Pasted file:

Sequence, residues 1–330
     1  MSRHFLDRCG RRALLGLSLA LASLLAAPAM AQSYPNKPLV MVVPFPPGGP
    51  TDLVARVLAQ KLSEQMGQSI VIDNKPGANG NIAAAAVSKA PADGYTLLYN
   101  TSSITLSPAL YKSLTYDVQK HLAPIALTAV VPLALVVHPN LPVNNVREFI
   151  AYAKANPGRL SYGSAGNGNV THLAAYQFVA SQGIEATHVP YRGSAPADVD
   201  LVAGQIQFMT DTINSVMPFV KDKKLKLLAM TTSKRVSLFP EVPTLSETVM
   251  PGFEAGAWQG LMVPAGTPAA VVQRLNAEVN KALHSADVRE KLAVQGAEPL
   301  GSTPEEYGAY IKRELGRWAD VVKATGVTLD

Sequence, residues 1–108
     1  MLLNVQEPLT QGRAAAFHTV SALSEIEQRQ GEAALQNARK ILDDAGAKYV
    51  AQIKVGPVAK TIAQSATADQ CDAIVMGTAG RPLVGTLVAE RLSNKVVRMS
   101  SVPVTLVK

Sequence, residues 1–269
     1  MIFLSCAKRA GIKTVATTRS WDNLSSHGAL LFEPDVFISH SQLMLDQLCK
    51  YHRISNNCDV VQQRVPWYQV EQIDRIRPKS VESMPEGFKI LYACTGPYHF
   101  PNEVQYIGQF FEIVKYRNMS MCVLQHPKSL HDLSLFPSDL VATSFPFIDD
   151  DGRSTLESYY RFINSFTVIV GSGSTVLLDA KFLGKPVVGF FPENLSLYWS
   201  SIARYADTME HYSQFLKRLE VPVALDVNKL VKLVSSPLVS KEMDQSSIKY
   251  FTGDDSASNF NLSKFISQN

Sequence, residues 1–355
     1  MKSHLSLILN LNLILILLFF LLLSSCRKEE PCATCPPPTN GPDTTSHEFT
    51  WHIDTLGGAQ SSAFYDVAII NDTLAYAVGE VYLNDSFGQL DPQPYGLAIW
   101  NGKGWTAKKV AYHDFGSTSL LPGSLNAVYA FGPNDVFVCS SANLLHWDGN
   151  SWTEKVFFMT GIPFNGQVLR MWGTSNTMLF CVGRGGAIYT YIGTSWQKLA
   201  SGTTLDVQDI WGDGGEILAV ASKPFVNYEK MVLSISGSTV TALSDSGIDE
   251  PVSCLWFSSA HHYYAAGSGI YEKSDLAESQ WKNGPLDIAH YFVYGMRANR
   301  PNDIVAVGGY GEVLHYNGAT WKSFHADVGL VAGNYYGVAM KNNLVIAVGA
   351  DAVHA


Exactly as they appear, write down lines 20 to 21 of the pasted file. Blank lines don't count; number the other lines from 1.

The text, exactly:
Sequence, residues 1–355
     1  MKSHLSLILN LNLILILLFF LLLSSCRKEE PCATCPPPTN GPDTTSHEFT